The First of the Bone-heads
A team of North American scientists have announced the discovery of a new species of Pachycephalosaur. Pachycephalosaurs are bird-hipped members of the Dinosauria commonly referred to as the bone-headed dinosaurs. Pachycephalosaurids are known from Upper Cretaceous fossil bearing sediments of the northern latitudes, most notably from North America. Much of our knowledge about this group comes from a few well-preserved skeletons ascribed to the genus Stegoceras. Other species have been identified based on the fossilised remains of their thickened skulls. Indeed, so thick are the skull bones (frontal and parietal), that often these are the only fossils ascribed to a particular genera, the rest of the skeleton material presumably having been lost to erosion or failing to be preserved.
This new species, named Acrotholus audeti may be one of the oldest types of Pachycephalosaur discovered to date, certainly a candidate for the oldest Pachycephalosaur known from North America. The genus name means “high dome” a reference to the thickened skull, whilst the specific name honours Roy Audet, on whose land the best-preserved specimen of skull material was found back in 2008. The scientists from the Royal Ontario Museum/University of Toronto along with co-researcher Dr Michael Ryan, curator of vertebrate palaeontology at the Cleveland Museum of Natural History have used the example of this Pachycephalosaur to attest that there may have been many more different kinds of smaller dinosaurs than previously thought. The team state that the fragile, lighter bones of smaller dinosaurs would not have survived to the present day, unlike some of the bones of their giant cousins. In this way, the fossil record may be biased towards large dinosaurs and the small dinosaurs may be under represented.
The Partial Skull Fossil of Acrotholus audeti (2008 Specimen)
Picture Credit: Royal Ontario Museum
Writing in the scientific publication, the “Journal of Nature Communications”, the research team describe their new dinosaur based on the remains of two skull domes, both from the Milk River Formation of southern Alberta (Canada). The first specimen resides in the collection of the Royal Ontario Museum (Toronto), it was collected more than fifty years ago, the second specimen, the better preserved example, was discovered on rancher’s Roy Audet’s land in 2008.
The Site of the Dome Skull Discovery (2008)
Picture Credit: Journal of Nature Communications
The picture above shows the location of the 2008 fossil find, it has been marked by a small pile of rocks, the rucksack in the foreground provides scale.
The fossils have been dated to approximately 85 million years ago (Santonian faunal stage of the Late Cretaceous). This makes the fossils ascribed to A. audeti some of the oldest Pachycephalosaur material known. Palaeontologists remain uncertain as to where and when the first true Pachycephalosaurs evolved. Certainly, sometime in the Cretaceous a group of small, Ornithischian dinosaurs began to evolve reinforced skulls, but the paucity of the fossil record prevents scientists from tracing this clade’s particular family tree. Some Pachycephalosaur material has been described from Upper Jurassic aged sediments, but since the fossil material is extremely fragmentary the placement within the Pachycephalosauridae is controversial.
Scientific Illustration of the New Pachycephalosaur Fossil Material
Picture Credit: Journal of Nature Communications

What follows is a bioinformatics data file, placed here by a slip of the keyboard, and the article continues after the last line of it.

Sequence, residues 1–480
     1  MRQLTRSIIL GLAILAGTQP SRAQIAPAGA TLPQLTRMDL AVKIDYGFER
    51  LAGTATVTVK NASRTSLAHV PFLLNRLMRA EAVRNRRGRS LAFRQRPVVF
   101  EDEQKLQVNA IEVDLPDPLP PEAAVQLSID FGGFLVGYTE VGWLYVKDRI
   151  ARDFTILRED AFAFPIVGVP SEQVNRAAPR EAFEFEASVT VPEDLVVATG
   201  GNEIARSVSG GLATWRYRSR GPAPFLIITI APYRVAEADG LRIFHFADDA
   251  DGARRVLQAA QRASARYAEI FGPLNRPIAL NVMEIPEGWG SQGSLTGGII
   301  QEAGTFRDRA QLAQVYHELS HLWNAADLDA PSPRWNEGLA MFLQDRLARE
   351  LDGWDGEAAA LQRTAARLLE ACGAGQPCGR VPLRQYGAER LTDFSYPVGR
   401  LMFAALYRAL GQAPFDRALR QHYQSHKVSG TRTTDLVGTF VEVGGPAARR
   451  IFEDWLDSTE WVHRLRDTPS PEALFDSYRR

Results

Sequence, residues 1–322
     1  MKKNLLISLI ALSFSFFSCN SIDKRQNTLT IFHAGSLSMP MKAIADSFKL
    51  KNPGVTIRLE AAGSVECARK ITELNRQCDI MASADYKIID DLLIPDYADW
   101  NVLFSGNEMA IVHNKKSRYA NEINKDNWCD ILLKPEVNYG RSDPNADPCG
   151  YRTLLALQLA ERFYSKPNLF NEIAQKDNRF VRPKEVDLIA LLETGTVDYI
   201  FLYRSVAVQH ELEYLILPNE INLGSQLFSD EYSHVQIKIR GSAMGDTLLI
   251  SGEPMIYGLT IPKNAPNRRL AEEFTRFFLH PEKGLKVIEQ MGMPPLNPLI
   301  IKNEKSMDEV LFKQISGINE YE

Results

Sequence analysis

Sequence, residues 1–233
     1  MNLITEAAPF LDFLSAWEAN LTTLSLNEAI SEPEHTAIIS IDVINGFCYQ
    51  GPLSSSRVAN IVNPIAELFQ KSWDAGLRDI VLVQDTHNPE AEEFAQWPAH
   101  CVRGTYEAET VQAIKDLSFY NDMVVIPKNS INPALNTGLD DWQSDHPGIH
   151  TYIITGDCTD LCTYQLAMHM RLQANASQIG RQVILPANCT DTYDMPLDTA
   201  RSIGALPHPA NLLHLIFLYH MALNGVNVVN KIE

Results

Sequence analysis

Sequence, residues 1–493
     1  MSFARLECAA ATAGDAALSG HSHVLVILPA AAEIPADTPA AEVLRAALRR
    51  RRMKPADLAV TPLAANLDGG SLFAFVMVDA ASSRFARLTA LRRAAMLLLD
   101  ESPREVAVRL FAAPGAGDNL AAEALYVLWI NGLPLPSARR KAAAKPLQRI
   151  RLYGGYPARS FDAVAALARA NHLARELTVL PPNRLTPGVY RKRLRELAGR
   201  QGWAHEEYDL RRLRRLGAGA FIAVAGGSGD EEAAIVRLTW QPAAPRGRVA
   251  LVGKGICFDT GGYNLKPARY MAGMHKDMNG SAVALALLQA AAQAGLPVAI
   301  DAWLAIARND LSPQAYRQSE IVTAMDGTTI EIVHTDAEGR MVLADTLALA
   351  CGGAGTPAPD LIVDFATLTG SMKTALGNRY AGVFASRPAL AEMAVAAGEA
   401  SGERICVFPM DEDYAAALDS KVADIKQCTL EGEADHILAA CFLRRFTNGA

When extant ecosystems are studied, it is very evident that alongside the megafauna there is a whole array of smaller animals living in the same habitat. It is likely that ecosystems in the Mesozoic were very similar with many more types of small dinosaur (under one hundred kilogrammes), living amongst the much larger dinosaurs. However, small dinosaur fossils are less common than the fossils of larger animals in the fossil record. Is this preservation bias or a true reflection of the nature of dinosaur dominated communities?
The carcases of smaller animals would have been more easily consumed by scavengers, small bones would have been readily destroyed due to natural decay processes. Even if they did fossilise and survived to the present day, as an example, a femur (thigh bone) of a fox-sized dinosaur would have been likely to be lost to the forces of erosion, abrasion, attrition etc. than the metatarsals (toe bones) of a dinosaur the size of an African elephant.
Intriguingly, the robust and very thick skull domes of Pachycephalosaurs that have survived to the present day may provide scientists with an insight into the diversity of small, Ornithischian dinosaurs that were around in North America during the Late Cretaceous. The team that worked on the Acrotholus specimens, palaeontologists from the Royal Ontario Museum as well as graduates from the University of Toronto working in collaboration with scientists from the Cleveland Museum of Natural History, suggest that there may have been many more types of smaller dinosaurs than previously thought.
An Illustration of Acrotholus audeti
Picture Credit: Julius Csotonyi
Dr Michael Ryan (Cleveland Museum of Natural History) stated:
“We can predict that many new small dinosaur species like Acrotholus audeti are waiting to be discovered by researchers willing to sort through the many small bones that they pick up in the field.”
The fossils of this new member of the Pachcephalosaurids, will be put on display this week at the Royal Ontario Museum, part of an exhibit that provides more information on the vertebrates found in the strata of the Milk River Formation. Visitors to the museum will be able to see the skull bones of A. audeti and perhaps try to work out why these dinosaurs had such thickened skulls. The skull bones of Acrotholus would have been up to ten centimetres thick, were the domed skulls used for display or did these dinosaurs butt heads just like some sheep and goats do today?